You have probably never heard of Sir Thomas North (1535-1604), and neither had I until recently. Among other things, North was a highly skilled translator. But he was not just known for what he translated, but North’s writing style was highly influential — even of Shakespeare. North’s translation of Plutarch’s Parallel Lives, for instance, was used by William Shakespeare to inform the history he used in writing several of his plays. Some scholars have called North the first master of English prose — early Modern English (illustrated here – click to enlarge the chart).
North’s three most influential translation (with links to the originals) are as follows:
- 1557 Diall of Princes: Guevara’s Reloj de Principles: Meditations of Marcus Aurelius
- 1570 The Morall Philosophie of Doni: The Fables of Bidpai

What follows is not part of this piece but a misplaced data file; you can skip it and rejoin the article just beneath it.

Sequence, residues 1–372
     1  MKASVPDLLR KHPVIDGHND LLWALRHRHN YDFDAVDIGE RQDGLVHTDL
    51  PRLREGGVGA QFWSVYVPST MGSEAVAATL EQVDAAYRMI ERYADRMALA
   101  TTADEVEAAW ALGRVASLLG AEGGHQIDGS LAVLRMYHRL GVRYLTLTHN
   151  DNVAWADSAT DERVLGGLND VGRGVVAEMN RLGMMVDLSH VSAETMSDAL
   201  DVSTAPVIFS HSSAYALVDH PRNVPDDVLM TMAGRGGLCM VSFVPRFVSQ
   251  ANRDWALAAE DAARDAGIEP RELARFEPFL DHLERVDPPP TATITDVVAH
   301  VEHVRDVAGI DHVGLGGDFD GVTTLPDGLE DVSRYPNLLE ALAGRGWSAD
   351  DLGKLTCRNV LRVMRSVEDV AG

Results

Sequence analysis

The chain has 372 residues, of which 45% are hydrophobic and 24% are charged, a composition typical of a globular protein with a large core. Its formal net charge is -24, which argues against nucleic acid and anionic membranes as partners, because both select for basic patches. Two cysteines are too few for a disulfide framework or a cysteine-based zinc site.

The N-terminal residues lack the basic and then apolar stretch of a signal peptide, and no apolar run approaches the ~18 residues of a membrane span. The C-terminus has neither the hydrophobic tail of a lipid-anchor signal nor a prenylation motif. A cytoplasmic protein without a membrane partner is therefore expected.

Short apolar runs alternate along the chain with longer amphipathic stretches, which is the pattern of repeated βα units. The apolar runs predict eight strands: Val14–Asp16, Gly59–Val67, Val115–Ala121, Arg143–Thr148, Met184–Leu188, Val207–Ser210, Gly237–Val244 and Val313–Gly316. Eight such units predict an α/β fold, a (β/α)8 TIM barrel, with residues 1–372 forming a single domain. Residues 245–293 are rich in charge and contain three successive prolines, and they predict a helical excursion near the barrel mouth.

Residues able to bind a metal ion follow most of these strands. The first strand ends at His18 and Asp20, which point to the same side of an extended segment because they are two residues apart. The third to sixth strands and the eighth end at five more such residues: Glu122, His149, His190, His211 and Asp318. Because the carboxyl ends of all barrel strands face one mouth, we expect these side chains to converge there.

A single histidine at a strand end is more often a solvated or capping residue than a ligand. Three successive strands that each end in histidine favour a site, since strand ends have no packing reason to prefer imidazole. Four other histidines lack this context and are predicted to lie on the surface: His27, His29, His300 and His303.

- 1579 – 1603 Plutarch’s Parallel Lives
Note that all three of his major works are books of moral importance. And of special interest for this post is that the second, The Morall Philosophie of Doni, is another name for the Panchatantra — an ancient Indian moral text ( see my other posts here on the Panchatantra). North’s translation was the first English version of this text even if it was the translation of an Italian text — not the original Sanskrit. Indeed, none of North’s translations were from their original languages but translated from the translations of other European languages.
If you want to get a flavor of Early Modern English and the first English rendering of the Panchatantra, please take a look at the above links. I enjoyed them. Thomas North’s works also made me reflect on how much we owe to translators, who names are soon forgotten.